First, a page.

(RC) characterizing from the village to district levels. Uganda’s 1995 constitution and 1997 Local Government Act gave ﬁnally effect to the devolution of functions, specifying ﬁve levels of local government – district, county, sub-county, parish and village, among which the districts and local government unites (sub-counties) have political authority and ﬁnancial autonomy.
Main subnational governments responsibilities. Local governments, in particular districts, play a key role in public service provision.
They are responsible for major functions and services previously carried out by the central government. However, all decisions and assignment responsibilities remain at the center, in particular regarding healthcare and education. District councils are responsible for functions and services including: primary, secondary, trade, special and technical education; hospitals other than hospitals providing referral and medical training; health centers, dispensaries and aid posts; the construction and maintenance of roads; provision of water supplies; agricultural extension services, land administration and surveying; and community development. Semi-autonomous agencies play an important role in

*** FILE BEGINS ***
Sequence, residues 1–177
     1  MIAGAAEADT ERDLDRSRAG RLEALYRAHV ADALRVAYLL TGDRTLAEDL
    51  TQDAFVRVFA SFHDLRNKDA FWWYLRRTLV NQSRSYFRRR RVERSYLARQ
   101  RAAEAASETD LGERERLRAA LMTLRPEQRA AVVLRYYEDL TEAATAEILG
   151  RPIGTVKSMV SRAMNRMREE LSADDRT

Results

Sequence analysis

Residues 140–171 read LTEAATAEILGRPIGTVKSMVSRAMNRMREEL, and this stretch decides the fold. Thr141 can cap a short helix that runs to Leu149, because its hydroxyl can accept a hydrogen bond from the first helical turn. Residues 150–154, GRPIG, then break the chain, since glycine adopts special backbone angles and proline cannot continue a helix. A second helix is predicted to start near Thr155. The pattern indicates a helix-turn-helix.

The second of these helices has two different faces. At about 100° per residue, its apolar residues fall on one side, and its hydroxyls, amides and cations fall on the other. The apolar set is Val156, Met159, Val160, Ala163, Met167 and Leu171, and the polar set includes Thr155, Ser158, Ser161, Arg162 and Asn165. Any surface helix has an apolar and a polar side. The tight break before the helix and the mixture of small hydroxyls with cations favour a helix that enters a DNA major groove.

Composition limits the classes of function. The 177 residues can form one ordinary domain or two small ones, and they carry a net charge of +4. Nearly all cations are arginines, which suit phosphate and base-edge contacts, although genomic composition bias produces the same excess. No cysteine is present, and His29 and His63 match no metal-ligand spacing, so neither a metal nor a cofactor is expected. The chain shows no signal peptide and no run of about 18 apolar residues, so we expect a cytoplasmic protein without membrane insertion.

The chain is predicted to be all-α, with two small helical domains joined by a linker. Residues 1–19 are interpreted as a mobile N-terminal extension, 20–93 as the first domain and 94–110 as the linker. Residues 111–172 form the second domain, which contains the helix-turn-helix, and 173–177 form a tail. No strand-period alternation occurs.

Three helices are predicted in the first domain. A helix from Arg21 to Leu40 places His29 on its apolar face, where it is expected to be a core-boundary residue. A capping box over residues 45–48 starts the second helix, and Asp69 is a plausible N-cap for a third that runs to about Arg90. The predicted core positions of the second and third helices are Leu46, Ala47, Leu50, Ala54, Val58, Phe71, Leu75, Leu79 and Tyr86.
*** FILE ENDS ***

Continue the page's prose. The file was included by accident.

Ugandan service delivery, and include 9 universities, 13 district referral hospitals, missions abroad and the Uganda revenue Authority, among others. Finally, urban councils are responsible for service delivery in urban areas and they enjoy both ﬁnancial and planning autonomy.
Subnational government finance
% GENERAL GOVERNMENT
(same expenditure category)
Total expenditure (2013)
75.5% 1.6% 52.6%
5.1% 0.2% 7.0%
At the national level there was a decline in public expenditures in 2013 compared to 2012, characterized by a general reduction of capital
(“development”) expenditures. Yet at the subnational level, the amount of subnational expenditures has increased. Most subnational expenditures were dedicated to recurrent expenditures, in particular the payment of wages and salaries and for use of goods and service. % SUBNATIONAL GOVERNMENT EXPENDITURE